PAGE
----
“He never would say anything about what he saw there, but when he returned, something about him had changed. He walked with an inner grace, and spoke in a calming tone. And his skin, Mellawyn, it–I don’t know how to describe it, but it seemed to glow, in a way. Not like a fire but something far off. A soft blue color, but not cold and sickly-looking, just other-worldly. And Mellawyn, that’s what I saw, years later; I can’t imagine what it was life, first-off.
“He seemed somehow more resigned to being a Gondorian, and that summer he married Deiwyn, as you known, and Denethor of course married your mother. Nine months later I was born, but you were a while in coming. Your father always saw it as a shortfall on his part, this inability to produce a son and heir. He felt he had something to prove, and he threw himself with amazing vigor into his work as Captain of Ithilien and, when he came of age six months later, Captain of Gondor.
“The real trouble started when papa came back. He refused to answer to Calithor, but would only respond to the name the Elves had given him: Kaänawe*. He said he couldn’t stand the harsh glare of the city, didn’t understand how he ever stood it, and begged his father to let him resign his commission. That next fall when Kaane turned twenty himself, three days after I was born, his father gave him a mighty gift: a farm outside of Osgiliath, and a reprieve, but not a release, from active duty in the guard. So we moved out, Kaänawe, Deiwyn, and me–of course, I was only a baby at the time–“
“Away from the city?” Mellawyn interrupted.
“Yes, away, out into the country. This last week has been the first time since that I’ve really spent in Minas Tirith, least for longer than a day, and I have to say, it’s–different. But, yes, we all moved out to that farm outside Osgilliath, not long after I was born. If things would have stayed that way, everything would have been different, maybe.”
He looked longingly out the window, at the gardens. But then his eye caught the glimmer of the buildings beyond, tall and so serious, and he sighed.
“This is a beautiful city, Mellawyn. But it is still a city. You were out at our farm for a few short months, and think how much good it did you. I’ve been there my whole life. The city takes my breath away. It is impressive, yes, but it is more than that: it steals my breath. It’s too bright, too impressive. It burns the eyes.” With that he turned away from the window. “Mellawyn, you have to understand this. Your father meant Kaäne no harm, but times were hard. The Shadow was beginning to grow, and his forces were moving. I don’t know exactly what the details were–remember, I was only a tot!–but your father had to marshal any army, and he needed a lieutenant. So he called in Kaäne. Papa didn’t want to go, but he didn’t have a choice; remember, he was still a captain, at least on paper.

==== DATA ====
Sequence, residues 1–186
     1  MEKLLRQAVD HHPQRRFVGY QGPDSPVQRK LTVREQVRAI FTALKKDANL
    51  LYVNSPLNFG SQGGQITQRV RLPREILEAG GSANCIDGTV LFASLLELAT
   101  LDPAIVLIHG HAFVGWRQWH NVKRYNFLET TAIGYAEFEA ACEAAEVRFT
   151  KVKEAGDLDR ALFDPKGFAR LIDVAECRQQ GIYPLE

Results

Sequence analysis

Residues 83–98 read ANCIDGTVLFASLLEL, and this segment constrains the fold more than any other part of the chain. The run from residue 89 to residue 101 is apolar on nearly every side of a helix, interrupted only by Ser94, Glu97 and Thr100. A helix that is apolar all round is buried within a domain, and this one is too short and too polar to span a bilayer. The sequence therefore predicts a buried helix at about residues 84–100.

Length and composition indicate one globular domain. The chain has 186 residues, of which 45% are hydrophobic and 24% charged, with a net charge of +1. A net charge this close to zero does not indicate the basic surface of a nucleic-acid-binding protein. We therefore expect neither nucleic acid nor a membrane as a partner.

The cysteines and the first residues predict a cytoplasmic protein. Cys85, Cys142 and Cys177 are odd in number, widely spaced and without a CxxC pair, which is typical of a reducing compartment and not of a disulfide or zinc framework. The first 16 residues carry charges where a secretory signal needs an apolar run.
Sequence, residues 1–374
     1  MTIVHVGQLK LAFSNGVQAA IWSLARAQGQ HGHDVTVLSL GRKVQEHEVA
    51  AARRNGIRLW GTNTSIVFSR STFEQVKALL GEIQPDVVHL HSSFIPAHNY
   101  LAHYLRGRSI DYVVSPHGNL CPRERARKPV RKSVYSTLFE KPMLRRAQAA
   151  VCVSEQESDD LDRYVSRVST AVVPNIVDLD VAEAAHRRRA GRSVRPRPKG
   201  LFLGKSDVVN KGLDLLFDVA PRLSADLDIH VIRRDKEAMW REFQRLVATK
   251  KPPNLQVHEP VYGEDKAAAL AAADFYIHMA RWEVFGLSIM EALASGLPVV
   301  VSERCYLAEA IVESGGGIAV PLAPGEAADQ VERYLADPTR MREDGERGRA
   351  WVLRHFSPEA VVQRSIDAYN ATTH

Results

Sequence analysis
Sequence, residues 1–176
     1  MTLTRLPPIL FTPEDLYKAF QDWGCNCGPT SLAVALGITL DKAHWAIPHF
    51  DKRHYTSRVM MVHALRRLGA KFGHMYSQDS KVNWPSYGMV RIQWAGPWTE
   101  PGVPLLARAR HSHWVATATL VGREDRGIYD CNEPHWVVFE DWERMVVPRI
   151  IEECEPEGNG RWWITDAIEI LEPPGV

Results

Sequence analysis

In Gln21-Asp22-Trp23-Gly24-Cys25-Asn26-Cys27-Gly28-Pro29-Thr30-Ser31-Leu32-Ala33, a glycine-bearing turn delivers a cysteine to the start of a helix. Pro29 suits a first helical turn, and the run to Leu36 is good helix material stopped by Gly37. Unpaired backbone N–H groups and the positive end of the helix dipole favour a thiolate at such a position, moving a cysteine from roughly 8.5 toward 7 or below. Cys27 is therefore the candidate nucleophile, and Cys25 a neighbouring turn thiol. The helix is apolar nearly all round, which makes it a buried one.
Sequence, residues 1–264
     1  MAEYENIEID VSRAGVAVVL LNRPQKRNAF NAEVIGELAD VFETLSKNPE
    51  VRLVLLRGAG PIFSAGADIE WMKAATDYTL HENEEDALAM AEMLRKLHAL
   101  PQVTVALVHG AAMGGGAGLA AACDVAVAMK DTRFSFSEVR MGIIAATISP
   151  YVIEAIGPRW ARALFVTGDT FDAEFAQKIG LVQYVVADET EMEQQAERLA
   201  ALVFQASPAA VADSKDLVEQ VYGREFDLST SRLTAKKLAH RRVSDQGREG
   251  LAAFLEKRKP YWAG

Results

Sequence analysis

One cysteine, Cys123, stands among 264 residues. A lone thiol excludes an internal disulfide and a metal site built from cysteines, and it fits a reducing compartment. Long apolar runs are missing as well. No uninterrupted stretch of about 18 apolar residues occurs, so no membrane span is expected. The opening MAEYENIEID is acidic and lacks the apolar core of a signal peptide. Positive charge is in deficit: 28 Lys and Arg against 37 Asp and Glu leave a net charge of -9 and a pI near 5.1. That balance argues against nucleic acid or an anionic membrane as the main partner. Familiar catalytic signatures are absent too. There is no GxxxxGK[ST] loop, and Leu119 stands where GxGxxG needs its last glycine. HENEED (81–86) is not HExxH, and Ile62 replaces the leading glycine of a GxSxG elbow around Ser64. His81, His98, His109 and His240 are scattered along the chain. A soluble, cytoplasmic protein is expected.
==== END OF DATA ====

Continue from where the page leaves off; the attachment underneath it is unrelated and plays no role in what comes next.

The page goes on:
“It was late at night, and we were all asleep. Papa was away with Denethor. Suddenly I heard a shriek, and of course woke right up. There was some kind of pressure on my legs, and when I looked down I saw why: an orc, with his mean orc-blade, was laying across my legs. Dead, an arrow through his chest. Papa shot him through the window as he was coming home. But he had already done his damage.
“Of course I don’t *know*, Mellawyn–I was asleep–but as far as Papa and I could figure out the goblin snuck in somehow. He killed Mama, cracked her neck clean, and was moving on to me, about to carve a maggot-hole in my belly, as Kaäne put it. And then surely he would have finished off poor Farlin–just six months old, he couldn’t defend himself. The monster! But luckily papa got home in time, just in time, to save me. Another minute later, and I would’ve been dead.”
Suddenly the tears started to fall. He tried to wipe his cheek with his shirt, only to remember it was covered with mail–after he cut his cheek. Mellawyn handed him her kerchief.
“You’ll have to get that looked at. But at least you’re in the right place,” she said wryly.
He laughed grimly. “My Mellawyn. Of course you understand now–papa wouldn’t have anything to do with Minas Tirith or her wars, and least of all his brother. They had cost him his wife. Your father tried to reward us for papa’s service, but he wouldn’t have anything to do with it. Blood money, he called it. And he was probably right, a bit.”
“But it wasn’t his fault. Papa’s.
“No, you’re right, it wasn’t your father’s fault. Men go to war, and sometimes they die–or suffer worse than death, in Kaäne’s case. But does that make it any better? I don’t know.”
He sighed, and we were silent for a long time. What can you say? Finally it was Borlin who broke the silence.
“Go to sleep, love. Tomorrow’s a big day.”
* Literally, “man of honor”